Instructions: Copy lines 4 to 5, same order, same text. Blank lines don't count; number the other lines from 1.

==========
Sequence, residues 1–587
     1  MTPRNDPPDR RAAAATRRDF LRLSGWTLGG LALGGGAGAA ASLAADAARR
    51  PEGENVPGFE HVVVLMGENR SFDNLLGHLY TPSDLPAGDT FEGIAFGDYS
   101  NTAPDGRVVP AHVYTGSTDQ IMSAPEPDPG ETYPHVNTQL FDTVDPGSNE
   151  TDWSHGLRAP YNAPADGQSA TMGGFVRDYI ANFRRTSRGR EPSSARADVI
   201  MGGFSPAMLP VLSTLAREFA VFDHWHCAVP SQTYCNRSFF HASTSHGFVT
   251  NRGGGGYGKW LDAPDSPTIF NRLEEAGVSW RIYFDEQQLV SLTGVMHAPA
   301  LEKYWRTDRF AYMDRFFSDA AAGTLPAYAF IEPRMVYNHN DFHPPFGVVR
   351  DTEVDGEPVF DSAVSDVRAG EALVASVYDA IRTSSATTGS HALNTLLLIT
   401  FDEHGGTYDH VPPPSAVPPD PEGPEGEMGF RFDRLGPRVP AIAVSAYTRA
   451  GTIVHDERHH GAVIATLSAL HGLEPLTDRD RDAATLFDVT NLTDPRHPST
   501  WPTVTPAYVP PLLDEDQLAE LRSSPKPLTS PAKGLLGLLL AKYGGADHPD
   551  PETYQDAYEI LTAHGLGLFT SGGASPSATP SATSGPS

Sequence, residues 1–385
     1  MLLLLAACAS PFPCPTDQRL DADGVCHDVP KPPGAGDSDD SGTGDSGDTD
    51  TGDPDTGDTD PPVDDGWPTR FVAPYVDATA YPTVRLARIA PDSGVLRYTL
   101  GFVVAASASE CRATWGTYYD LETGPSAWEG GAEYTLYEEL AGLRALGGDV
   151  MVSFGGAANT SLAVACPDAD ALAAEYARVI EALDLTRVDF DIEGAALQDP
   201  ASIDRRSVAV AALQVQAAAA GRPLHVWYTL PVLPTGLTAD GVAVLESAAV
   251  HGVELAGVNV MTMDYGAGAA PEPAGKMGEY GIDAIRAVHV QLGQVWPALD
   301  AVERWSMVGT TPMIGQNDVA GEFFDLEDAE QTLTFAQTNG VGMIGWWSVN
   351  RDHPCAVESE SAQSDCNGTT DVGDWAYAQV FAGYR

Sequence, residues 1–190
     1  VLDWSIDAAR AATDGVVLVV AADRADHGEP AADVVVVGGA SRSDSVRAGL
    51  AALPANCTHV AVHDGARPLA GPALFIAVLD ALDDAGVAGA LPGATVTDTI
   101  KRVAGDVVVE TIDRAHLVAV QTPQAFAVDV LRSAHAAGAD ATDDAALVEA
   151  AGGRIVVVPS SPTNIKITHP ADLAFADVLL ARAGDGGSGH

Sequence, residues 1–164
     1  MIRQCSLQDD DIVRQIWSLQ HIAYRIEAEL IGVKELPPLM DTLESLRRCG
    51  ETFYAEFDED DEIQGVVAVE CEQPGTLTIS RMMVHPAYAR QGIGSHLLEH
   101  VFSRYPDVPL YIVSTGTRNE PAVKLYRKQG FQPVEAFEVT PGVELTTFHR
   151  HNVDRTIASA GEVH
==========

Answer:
   101  NTAPDGRVVP AHVYTGSTDQ IMSAPEPDPG ETYPHVNTQL FDTVDPGSNE
   151  TDWSHGLRAP YNAPADGQSA TMGGFVRDYI ANFRRTSRGR EPSSARADVI